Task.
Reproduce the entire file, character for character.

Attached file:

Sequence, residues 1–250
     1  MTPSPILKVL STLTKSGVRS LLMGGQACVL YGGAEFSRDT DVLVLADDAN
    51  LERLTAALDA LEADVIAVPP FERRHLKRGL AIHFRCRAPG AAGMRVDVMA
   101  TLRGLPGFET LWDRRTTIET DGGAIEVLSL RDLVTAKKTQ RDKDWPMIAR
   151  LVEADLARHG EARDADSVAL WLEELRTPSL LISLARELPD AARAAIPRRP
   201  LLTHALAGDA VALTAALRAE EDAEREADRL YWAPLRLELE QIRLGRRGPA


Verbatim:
Sequence, residues 1–250
     1  MTPSPILKVL STLTKSGVRS LLMGGQACVL YGGAEFSRDT DVLVLADDAN
    51  LERLTAALDA LEADVIAVPP FERRHLKRGL AIHFRCRAPG AAGMRVDVMA
   101  TLRGLPGFET LWDRRTTIET DGGAIEVLSL RDLVTAKKTQ RDKDWPMIAR
   151  LVEADLARHG EARDADSVAL WLEELRTPSL LISLARELPD AARAAIPRRP
   201  LLTHALAGDA VALTAALRAE EDAEREADRL YWAPLRLELE QIRLGRRGPA